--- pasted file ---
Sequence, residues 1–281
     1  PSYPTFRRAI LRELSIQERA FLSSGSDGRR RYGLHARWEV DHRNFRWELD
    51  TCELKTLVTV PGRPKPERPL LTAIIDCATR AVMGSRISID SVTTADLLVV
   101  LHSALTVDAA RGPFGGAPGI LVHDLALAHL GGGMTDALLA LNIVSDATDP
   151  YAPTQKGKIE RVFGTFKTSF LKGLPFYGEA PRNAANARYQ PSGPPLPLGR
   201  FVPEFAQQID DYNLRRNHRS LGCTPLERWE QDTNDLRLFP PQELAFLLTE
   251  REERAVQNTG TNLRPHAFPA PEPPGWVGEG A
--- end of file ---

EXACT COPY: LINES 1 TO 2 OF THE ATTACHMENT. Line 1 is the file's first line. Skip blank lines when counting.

Sequence, residues 1–281
     1  PSYPTFRRAI LRELSIQERA FLSSGSDGRR RYGLHARWEV DHRNFRWELD